The state Public Service Commission voted unanimously to let Alabama Power start offering the optional program.
The state's largest electric utility will begin the program in the Birmingham area and plans to move it statewide by the end of 2010, company spokesman Pat Wylie said.
To sign up, residents of homes or apartments must have one of Alabama Power's new "smart meters." They are digital meters that communicate directly with the utility.
About 300,000 have been installed in the Birmingham area, and all 1.4 million Alabama Power customers statewide should have them by the end of 2010, Wylie said.
Customers who choose the cutoff plan will have a device installed on their air conditioner. When demand for electricity hits a peak on hot weekday afternoons between June and September, the utility will be able to cut off the air conditioners for 15 minutes out of every 30 minutes.
PSC staff members said air conditioners can be turned off between 2 p.m. and 7 p.m. on weekdays for up to a maximum of 120 hours during the four months. Customers who participate will get a $20 credit each November on their power bill.
PSC staff members said the program is aimed at homes and apartments where the residents are at work on weekday afternoons. Most shouldn't notice any difference in the temperature by the time they get home in the evenings, they said.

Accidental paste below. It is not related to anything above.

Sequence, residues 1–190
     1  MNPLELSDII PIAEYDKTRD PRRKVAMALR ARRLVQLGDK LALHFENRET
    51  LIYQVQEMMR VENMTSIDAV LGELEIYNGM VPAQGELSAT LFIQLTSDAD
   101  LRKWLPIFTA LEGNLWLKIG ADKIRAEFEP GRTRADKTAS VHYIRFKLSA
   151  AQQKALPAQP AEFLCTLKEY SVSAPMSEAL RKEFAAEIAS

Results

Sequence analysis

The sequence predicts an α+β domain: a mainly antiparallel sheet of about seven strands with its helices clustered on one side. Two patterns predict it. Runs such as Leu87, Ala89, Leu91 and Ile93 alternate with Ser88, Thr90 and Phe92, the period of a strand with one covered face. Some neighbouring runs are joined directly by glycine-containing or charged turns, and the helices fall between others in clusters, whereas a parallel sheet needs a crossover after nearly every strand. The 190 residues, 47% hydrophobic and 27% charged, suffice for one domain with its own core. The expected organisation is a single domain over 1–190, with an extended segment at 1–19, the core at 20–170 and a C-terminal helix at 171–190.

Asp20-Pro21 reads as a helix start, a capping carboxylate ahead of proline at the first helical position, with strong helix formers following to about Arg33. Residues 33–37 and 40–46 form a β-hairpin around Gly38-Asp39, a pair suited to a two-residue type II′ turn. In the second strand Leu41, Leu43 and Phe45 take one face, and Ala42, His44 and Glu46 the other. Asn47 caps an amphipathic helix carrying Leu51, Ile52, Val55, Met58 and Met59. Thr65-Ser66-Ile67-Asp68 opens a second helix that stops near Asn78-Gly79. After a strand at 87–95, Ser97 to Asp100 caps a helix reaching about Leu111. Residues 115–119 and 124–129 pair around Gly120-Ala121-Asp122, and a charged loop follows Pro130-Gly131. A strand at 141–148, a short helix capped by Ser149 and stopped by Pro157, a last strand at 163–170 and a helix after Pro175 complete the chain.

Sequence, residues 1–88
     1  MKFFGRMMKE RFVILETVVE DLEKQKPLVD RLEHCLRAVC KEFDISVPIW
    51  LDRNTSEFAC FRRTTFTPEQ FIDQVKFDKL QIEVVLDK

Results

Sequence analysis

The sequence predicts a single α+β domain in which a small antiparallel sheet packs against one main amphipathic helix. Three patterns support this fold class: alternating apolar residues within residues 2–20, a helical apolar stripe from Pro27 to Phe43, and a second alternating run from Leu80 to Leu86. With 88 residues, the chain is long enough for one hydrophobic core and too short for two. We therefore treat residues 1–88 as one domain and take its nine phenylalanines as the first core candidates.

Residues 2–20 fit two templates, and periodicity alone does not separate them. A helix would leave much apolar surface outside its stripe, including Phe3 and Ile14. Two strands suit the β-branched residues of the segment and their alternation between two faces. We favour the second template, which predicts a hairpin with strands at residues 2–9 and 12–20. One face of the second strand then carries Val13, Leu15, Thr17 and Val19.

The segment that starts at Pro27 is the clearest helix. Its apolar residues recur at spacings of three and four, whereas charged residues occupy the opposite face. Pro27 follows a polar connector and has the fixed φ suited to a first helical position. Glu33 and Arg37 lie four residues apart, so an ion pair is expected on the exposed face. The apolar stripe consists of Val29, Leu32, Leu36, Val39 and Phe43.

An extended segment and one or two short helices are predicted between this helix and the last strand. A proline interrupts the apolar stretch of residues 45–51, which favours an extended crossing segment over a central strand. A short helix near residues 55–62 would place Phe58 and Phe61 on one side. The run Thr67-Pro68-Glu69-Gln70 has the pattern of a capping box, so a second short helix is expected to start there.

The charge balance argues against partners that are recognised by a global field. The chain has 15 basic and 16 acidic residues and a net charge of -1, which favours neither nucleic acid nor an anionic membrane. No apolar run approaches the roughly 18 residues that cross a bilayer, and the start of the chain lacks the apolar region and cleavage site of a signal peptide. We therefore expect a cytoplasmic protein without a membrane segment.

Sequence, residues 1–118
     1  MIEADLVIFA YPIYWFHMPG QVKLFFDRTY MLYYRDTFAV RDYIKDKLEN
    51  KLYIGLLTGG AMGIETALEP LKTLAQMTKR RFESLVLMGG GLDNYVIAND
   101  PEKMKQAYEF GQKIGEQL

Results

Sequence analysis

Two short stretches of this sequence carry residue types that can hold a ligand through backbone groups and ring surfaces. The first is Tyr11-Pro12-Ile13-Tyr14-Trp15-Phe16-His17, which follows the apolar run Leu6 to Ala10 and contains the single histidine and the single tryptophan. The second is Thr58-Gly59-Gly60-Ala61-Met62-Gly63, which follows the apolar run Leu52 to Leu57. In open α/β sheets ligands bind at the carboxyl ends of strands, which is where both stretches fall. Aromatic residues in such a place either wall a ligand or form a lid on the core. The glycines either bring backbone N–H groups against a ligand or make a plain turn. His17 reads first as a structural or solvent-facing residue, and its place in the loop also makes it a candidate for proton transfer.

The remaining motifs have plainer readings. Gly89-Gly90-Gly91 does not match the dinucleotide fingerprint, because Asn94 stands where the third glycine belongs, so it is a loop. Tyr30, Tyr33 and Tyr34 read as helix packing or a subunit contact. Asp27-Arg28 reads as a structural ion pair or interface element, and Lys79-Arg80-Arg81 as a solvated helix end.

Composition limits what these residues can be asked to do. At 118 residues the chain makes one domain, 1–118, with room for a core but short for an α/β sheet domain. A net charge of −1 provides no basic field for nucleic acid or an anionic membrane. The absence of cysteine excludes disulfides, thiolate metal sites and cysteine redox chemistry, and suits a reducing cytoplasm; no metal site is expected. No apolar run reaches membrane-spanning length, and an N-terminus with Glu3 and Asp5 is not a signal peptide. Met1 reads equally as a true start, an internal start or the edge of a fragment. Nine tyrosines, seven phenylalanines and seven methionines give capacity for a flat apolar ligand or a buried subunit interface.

People who leave their thermostats around 75 degrees when they go to work should realize a cost savings from the program, but people with well-insulated homes who turn their thermostats to 80 degrees or above while at work probably won't see much difference in their power bills, they said.
Alabama Power is required by the PSC to meet customers' peak demands and the new plan should help.
The plan should save money in the short term by keeping Alabama Power from having to operate its most expensive plants to meet peak demand and in the long run by possibly reducing the need for new plants, officials said.
"This is really going more toward energy efficiency and conservation," Commissioner Susan Parker said.
Alabama Power started a similar program in 1992 that used pager technology to cut off air conditioners. The program, called Centsable Switch, had 20,000 participants at its peak, but is now down to less than 7,000.
Smart meters could also allow for a similar program that could cut off homes' hot water heaters in the afternoon, said John Free, manager of the PSC's electricity section.
The meters, which are becoming more common throughout the country, don't require meter readers because the units communicate directly with the power company. They also notify the power company immediately when electric service goes out.